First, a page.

Hungarian Billboards Warn Migrants To Stay Away
STEVE INSKEEP, HOST:
Hungary is also trying persuasion. If you're approaching Hungary's border hoping to migrate through the country to points north, you are liable to see a billboard with a discouraging message.
RENEE MONTAGNE, HOST:
You may also see fliers warning you to stay away. NPR's Soraya Sarhaddi Nelson is in Budapest.
SORAYA SARHADDI NELSON, BYLINE: So far, Prime Minister Viktor Orban has launched three billboard campaigns with an anti-migrant message in as many months. But the latest one is the first that will be done outside Hungary in foreign languages. The Hungarian press, quoting ruling party sources, said the billboards would be erected in Syria and Afghanistan. How that is going to happen in the middle of the fighting wasn't explained. The government has since said it would put up posters and hand out leaflets to migrants in countries along the way to Hungary.
ZOLTAN KOVACS: Even Canada had such a campaign here in Hungary three-and-a-half years ago when a great number of Roma tried to misuse the Canadian welfare system.
NELSON: Zoltan Kovacs is a government spokesman.
Z. KOVACS: What we are trying to use is a given tool towards those people who are trying to reach the European Union that please don't even attempt because we are not going to let you in if you are not in - if your life is not in danger. So, economic migrants, illegal migrants are not welcome.
NELSON: The cost of the billboard campaign to Hungarian tax payers will be close to $3 million. That money would be better spent on helping refugees rather than stoking Xenophobia, says Amy Rodgers of MigSzol, an NGO which helps migrants in Hungary.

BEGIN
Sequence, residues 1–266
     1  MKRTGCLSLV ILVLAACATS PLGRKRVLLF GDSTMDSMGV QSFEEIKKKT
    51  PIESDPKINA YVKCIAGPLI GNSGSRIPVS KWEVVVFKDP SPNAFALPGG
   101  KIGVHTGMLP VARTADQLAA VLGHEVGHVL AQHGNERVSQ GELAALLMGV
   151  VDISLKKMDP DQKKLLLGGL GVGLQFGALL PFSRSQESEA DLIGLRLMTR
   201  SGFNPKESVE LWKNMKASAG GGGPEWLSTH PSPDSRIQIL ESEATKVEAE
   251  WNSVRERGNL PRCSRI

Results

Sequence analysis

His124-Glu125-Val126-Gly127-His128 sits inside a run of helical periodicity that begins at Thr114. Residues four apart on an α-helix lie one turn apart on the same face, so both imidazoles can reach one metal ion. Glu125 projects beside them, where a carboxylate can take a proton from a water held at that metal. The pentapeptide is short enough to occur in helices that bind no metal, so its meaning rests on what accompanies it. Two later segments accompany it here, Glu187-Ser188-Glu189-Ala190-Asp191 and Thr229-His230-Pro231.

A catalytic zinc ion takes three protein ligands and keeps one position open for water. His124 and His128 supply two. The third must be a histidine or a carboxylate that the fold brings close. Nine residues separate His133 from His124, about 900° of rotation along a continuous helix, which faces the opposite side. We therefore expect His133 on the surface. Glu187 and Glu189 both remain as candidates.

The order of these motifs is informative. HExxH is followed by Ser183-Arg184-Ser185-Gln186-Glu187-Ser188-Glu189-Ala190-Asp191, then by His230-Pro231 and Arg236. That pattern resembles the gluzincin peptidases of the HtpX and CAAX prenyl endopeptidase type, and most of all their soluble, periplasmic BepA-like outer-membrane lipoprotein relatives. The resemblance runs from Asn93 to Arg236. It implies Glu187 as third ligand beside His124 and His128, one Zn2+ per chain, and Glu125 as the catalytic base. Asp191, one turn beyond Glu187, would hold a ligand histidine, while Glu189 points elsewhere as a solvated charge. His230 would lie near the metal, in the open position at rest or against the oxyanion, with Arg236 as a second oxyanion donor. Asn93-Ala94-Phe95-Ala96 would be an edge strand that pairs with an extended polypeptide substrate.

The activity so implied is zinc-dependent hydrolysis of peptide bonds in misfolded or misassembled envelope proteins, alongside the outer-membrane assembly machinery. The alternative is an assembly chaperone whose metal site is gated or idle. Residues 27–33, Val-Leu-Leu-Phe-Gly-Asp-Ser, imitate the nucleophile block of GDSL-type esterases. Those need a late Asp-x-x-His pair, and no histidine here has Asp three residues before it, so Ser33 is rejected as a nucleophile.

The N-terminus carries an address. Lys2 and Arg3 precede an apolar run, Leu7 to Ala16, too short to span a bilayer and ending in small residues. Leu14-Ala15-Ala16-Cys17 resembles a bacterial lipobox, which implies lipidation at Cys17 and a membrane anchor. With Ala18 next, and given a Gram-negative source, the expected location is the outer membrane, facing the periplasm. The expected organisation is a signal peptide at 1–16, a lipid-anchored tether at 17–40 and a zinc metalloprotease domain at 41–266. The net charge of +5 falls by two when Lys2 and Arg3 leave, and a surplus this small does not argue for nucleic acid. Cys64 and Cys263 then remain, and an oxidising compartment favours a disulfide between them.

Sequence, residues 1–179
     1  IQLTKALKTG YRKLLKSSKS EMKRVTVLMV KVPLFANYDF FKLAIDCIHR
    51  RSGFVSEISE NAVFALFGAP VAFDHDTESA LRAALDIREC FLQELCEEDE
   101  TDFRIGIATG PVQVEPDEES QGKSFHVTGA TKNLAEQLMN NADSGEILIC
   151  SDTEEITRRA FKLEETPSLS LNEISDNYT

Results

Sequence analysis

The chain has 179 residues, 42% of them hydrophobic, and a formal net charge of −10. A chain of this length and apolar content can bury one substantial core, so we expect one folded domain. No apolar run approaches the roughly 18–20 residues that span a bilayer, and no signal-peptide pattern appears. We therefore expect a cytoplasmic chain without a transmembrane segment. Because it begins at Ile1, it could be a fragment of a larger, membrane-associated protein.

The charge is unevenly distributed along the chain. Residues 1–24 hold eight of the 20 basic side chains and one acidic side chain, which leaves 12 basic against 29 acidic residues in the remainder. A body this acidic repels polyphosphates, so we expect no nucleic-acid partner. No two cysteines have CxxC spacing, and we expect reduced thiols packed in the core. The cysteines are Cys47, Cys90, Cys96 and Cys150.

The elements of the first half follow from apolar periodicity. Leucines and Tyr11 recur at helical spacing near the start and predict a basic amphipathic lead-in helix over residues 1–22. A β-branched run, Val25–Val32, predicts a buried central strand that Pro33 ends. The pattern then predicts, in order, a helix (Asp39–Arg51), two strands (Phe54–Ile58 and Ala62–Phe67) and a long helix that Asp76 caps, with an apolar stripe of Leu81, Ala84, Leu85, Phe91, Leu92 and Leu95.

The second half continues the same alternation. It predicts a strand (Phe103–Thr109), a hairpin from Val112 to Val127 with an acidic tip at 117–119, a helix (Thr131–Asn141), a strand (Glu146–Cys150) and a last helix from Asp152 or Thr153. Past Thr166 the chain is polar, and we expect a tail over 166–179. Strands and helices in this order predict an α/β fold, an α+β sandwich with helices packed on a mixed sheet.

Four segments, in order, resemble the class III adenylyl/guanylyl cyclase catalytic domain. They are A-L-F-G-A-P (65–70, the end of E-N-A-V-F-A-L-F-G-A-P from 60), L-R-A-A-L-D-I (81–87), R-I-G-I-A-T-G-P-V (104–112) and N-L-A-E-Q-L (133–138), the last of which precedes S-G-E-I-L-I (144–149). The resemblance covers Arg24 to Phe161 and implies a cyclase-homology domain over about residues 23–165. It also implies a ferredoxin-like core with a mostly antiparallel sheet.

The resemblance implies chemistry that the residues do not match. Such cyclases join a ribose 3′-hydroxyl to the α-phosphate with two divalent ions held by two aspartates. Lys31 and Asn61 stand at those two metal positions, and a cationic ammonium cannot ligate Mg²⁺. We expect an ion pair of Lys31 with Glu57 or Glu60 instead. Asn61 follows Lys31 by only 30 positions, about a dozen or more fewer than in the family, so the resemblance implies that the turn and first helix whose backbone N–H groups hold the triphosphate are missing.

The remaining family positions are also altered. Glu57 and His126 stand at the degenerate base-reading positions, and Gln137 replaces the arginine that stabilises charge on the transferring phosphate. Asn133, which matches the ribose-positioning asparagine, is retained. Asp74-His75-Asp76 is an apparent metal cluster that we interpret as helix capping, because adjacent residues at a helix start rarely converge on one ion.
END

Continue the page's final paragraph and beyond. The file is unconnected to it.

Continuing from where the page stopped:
AMY RODGERS: All of these things are designed to make people scared of immigrants, to make people associate immigration with terrorism and to start seeing as a real threat to Hungary which did not prove to be the case.
NELSON: Other Hungarian critics defaced earlier billboards and the U.N. unveiled its own poster campaign featuring refugees who successively integrated into Hungarian society. But a more unusual response to the billboards came from Hungary's satirical Two- Tailed Dog Party. It put up hundreds of posters directed at the migrants saying, welcome to Hungary. Sorry about our prime minister. Historian Maria Kovacs teaches at Central European University in Budapest.
RODGERS: To make fun of Mr. Orban on publically displayed huge billboards was nothing very usual until now. No, this is new.
NELSON: Hungarian media reported this week that the government's latest poster and leaflet campaign will be handled by the Budapest branch of an American advertising agency. The company, J Walter Thompson, had no immediate comment. Soraya Sarhaddi Nelson, NPR News.
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